If you cannot get into normal mode to do any of this, please do this via Safe Mode.

Regards,

Patrick
Debugger/Reverse Engineer.

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Thank you Patrick for responding so quickly. I have found the Minidump files and they are all zipped up as you asked me to at this SkyDrive link: http://sdrv.ms/14vJjfU Thank you so much in advance for helping me out.

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Thanks for the dump files!

All of the attached DMP files are of the SYSTEM_SERVICE_EXCEPTION (3b) bugcheck and are consistently faulting ndis.sys which is the Windows NDIS 6.20 driver (not the true case and is being faulted by likely another device driver or form of hardware).

To check for device driver conflicts, I am going to recommend enabling Driver Verifier so we can get more info:

Driver Verifier:

What is Driver Verifier?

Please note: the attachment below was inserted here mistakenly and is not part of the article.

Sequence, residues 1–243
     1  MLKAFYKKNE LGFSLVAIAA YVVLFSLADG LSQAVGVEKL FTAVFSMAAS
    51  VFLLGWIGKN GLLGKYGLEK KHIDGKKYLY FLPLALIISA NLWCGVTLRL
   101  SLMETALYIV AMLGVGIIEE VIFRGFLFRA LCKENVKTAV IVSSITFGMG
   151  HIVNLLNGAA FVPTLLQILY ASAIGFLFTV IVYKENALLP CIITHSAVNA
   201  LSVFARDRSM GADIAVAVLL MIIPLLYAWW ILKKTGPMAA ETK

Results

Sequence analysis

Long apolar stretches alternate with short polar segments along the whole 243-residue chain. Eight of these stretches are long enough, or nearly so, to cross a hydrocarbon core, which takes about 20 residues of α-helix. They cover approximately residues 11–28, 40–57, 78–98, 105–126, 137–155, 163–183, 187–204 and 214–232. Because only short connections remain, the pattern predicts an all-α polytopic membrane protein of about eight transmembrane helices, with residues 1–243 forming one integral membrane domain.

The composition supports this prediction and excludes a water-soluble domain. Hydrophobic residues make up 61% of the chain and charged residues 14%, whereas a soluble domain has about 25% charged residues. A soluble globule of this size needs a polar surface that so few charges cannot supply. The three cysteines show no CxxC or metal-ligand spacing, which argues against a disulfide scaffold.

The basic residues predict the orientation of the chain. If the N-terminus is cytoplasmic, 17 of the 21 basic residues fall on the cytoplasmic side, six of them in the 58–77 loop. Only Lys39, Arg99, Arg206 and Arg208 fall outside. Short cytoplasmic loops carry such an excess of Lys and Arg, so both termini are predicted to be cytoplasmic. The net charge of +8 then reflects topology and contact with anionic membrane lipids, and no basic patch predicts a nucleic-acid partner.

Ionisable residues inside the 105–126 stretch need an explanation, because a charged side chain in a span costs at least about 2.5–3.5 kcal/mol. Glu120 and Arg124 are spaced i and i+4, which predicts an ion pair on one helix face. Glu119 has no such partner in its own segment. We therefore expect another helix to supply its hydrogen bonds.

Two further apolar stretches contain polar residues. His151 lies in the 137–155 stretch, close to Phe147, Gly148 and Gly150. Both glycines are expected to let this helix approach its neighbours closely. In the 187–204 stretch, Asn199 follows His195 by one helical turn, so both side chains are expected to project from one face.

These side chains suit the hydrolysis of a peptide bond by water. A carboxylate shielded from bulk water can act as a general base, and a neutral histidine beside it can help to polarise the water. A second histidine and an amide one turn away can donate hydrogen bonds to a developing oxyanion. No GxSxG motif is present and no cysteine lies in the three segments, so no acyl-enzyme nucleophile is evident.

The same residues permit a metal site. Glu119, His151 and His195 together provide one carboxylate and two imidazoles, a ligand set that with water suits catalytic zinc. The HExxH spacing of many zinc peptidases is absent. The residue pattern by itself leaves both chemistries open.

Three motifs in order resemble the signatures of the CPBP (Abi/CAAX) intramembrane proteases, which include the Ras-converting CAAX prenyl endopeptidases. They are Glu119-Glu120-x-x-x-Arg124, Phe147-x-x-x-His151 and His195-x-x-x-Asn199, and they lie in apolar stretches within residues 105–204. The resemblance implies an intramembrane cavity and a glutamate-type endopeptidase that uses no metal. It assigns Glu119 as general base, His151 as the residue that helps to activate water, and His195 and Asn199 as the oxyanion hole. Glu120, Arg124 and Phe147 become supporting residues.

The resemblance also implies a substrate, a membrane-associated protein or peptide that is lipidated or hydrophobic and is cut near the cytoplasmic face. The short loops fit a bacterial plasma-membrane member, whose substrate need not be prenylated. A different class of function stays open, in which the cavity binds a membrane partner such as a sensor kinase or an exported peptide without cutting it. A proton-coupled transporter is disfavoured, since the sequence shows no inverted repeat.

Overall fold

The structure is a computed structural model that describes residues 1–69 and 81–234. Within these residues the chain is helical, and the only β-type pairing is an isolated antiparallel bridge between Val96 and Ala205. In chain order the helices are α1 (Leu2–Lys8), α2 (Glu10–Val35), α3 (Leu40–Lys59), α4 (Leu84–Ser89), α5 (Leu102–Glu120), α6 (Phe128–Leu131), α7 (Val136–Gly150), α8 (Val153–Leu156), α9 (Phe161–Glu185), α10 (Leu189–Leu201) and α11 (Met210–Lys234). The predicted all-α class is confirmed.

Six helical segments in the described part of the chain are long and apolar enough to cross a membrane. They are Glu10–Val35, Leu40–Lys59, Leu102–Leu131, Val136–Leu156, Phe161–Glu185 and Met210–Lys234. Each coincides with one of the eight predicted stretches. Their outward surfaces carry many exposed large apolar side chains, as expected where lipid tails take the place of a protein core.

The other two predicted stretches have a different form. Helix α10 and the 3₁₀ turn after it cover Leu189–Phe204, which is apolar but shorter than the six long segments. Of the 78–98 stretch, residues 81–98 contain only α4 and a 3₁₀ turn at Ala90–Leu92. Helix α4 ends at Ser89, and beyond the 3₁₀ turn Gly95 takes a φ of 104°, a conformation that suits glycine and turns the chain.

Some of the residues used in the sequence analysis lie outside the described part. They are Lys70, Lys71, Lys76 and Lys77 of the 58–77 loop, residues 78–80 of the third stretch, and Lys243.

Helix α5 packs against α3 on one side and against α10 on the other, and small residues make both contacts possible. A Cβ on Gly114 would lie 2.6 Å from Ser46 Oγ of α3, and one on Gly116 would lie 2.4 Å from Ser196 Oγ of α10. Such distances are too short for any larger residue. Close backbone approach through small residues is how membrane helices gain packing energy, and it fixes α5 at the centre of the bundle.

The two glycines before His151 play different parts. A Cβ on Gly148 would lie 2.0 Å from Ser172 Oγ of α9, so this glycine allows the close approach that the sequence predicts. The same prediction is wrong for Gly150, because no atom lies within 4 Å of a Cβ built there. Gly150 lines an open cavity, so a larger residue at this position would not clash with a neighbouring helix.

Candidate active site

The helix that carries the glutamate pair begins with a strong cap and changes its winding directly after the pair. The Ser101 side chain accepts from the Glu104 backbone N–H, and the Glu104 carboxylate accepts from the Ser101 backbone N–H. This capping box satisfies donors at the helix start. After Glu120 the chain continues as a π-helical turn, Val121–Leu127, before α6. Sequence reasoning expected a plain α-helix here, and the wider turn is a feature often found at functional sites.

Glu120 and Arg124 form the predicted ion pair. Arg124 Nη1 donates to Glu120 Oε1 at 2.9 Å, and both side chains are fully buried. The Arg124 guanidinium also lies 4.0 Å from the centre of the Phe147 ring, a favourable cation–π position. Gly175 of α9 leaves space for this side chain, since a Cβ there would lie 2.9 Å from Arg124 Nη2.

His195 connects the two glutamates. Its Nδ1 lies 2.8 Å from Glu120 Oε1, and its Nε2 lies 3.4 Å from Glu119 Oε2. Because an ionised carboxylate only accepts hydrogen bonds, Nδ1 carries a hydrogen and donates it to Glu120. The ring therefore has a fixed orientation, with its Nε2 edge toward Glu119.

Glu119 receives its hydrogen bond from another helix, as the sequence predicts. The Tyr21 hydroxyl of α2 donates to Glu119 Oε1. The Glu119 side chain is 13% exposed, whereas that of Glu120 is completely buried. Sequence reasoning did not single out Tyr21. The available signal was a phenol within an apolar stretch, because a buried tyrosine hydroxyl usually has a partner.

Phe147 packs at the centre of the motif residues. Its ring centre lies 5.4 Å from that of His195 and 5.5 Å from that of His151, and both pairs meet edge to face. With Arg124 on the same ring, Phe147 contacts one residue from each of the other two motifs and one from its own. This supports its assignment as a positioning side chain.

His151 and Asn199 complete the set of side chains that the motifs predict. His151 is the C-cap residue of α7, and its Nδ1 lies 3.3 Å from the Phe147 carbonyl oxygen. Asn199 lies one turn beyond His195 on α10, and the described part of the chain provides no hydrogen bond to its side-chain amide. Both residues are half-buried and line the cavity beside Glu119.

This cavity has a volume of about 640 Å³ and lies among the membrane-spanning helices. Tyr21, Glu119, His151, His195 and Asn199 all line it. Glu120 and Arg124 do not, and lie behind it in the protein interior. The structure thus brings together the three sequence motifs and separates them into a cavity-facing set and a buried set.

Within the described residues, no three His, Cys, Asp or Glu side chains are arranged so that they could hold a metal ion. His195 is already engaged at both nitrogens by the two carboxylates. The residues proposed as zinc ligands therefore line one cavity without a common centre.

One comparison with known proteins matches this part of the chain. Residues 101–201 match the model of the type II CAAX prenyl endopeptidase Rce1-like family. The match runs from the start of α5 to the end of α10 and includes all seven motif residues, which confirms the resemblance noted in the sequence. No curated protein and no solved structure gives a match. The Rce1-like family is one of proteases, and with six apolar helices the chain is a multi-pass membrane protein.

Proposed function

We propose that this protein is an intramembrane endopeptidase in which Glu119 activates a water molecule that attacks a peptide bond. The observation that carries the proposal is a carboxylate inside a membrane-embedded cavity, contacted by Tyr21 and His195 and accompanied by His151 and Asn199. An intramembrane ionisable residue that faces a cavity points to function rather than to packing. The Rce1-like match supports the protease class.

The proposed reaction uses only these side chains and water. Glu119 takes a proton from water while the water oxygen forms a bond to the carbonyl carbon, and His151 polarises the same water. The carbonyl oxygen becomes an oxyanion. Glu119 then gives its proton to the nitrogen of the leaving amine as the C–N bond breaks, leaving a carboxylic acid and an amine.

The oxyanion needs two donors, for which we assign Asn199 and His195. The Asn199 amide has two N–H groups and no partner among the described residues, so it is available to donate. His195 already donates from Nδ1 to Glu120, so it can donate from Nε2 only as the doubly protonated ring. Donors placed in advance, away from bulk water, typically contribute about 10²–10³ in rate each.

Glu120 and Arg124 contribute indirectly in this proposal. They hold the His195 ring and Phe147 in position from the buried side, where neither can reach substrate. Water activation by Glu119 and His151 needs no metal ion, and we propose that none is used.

Driver Verifier is included in Windows 8, 7, Windows Server 2008 R2, Windows Vista, Windows Server 2008, Windows 2000, Windows XP, and Windows Server 2003 to promote stability and reliability; you can use this tool to troubleshoot driver issues. Windows kernel-mode components can cause system corruption or system failures as a result of an improperly written driver, such as an earlier version of a Windows Driver Model (WDM) driver.

Essentially, if there's a 3rd party driver believed to be at issue, enabling Driver Verifier will help flush out the rogue driver if it detects a violation.

Before enabling Driver Verifier, it is recommended to create a System Restore Point:

Vista - START | type rstrui - create a restore point
Windows 7 - START | type create | select "Create a Restore Point"
Windows 8 - http://www.eightforums.com/tutorials/4690-restore-point-create-windows-8-a.html

How to enable Driver Verifier:

Start > type "verifier" without the quotes > Select the following options -

1. Select - "Create custom settings (for code developers)"
2. Select - "Select individual settings from a full list"
3. Check the following boxes -
- Special Pool
- Pool Tracking
- Force IRQL Checking
- Deadlock Detection
- Security Checks (Windows 7)
- Concurrentcy Stress Test (Windows 8)
- DDI compliance checking (Windows 8)
- Miscellaneous Checks
4. Select  - "Select driver names from a list"
5. Click on the "Provider" tab. This will sort all of the drivers by the provider.
6. Check EVERY box that is [B]NOT[/B] provided by Microsoft / Microsoft Corporation.
7. Click on Finish.
 8.    Restart.